All of the above studies have been conducted in the United States; there are no studies that concern the UK, although there is more general research with health-related professions suggesting they have some of the highest suicides rates in the country (e.g. Meltzer et al., 2008; Stark et al., 2006). We cannot say with certainty, however, how common suicidal ideation and behaviour is amongst psychologists relative to other professions, as they are frequently omitted as an occupational category from epidemiological studies (Kleespies et al., 2011).
What might the barriers be for future research on the topic of psychologist suicide? The first barrier might be the field of ‘suicidology’ itself, which has been accused of suffering from theoretical incohesiveness (De Leo et al., 2006; Rogers, 2001). This makes it difficult to ‘map’ a theory of suicide on to this topic; a number of theoretical proposals have been put forward and may be equally valid, for example psychodynamics (e.g. Huprich, 2004) and the stress-diathesis model (e.g. Rudd, 2000; Wenzel & Beck, 2008). New theoretical models of suicide are also attempting to redress this conflict (e.g. O’Connor, 2011).
In suicide research on the general population, underreporting and under-detection has made accurate suicide estimates difficult to verify (e.g. Nock et al., 2008). One would imagine that the same difficulties would apply to research on psychologist suicides. Suicide still carries with it great stigma (Sudak et al., 2008), and when taking into consideration the paucity of research examining psychologist suicide, it could be argued that stigma would be even greater amongst a professional group whose frequent contact with vulnerable clients means that they must be perceived as being ‘up to the job’ and not experiencing the same difficulties as the individuals they work with.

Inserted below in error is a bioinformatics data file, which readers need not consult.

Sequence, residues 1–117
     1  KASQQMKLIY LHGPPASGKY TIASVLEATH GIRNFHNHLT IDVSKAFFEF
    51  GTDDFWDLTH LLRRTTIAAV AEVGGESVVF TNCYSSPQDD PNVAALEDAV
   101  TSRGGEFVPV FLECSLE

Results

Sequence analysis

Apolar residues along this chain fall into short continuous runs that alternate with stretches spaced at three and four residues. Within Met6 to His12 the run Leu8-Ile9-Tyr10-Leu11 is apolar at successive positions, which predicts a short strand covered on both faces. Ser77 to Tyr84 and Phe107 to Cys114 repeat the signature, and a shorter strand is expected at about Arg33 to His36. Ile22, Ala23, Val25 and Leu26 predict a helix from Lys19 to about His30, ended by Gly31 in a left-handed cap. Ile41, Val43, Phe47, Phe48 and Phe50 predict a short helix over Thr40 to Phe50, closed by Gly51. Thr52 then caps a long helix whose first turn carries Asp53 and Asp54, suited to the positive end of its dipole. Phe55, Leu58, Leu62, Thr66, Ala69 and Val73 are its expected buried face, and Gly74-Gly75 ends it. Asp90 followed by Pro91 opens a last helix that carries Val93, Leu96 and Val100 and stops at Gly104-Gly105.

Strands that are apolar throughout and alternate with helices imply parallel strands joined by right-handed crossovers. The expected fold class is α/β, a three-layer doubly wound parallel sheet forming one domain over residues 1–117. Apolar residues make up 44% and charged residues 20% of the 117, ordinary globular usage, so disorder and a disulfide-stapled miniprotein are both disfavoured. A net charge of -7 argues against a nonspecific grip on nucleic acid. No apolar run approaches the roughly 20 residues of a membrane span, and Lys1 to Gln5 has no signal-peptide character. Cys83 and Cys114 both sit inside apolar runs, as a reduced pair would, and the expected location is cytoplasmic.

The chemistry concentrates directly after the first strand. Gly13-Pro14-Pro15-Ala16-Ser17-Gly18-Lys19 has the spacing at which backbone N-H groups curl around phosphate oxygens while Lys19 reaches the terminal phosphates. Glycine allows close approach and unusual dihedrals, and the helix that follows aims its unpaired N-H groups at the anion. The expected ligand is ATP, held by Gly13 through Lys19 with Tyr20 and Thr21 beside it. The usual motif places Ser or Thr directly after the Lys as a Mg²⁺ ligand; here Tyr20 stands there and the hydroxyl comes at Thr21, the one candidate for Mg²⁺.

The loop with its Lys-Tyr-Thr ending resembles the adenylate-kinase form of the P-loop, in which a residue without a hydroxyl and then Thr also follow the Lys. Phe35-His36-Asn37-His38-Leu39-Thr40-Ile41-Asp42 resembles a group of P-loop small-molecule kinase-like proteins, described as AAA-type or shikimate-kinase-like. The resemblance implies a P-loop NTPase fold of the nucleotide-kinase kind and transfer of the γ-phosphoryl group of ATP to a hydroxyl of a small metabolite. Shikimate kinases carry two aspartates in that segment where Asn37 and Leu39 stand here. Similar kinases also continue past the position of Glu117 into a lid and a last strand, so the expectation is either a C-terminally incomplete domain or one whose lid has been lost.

This burden weighs heavily, as highlighted in Smith and Moss (2009, p.4): ‘In one study, researchers found that 85 per cent of Division 29 (Psychotherapy) APA members surveyed believed working when too distressed to be effective is unethical. Despite this finding, this study also revealed that 60 per cent had done so (Pope et al., 1987)’. Pope and Tabachnick (1994) found that psychologists frequently withhold important clinical information from their own therapists, and one would assume from colleagues as well.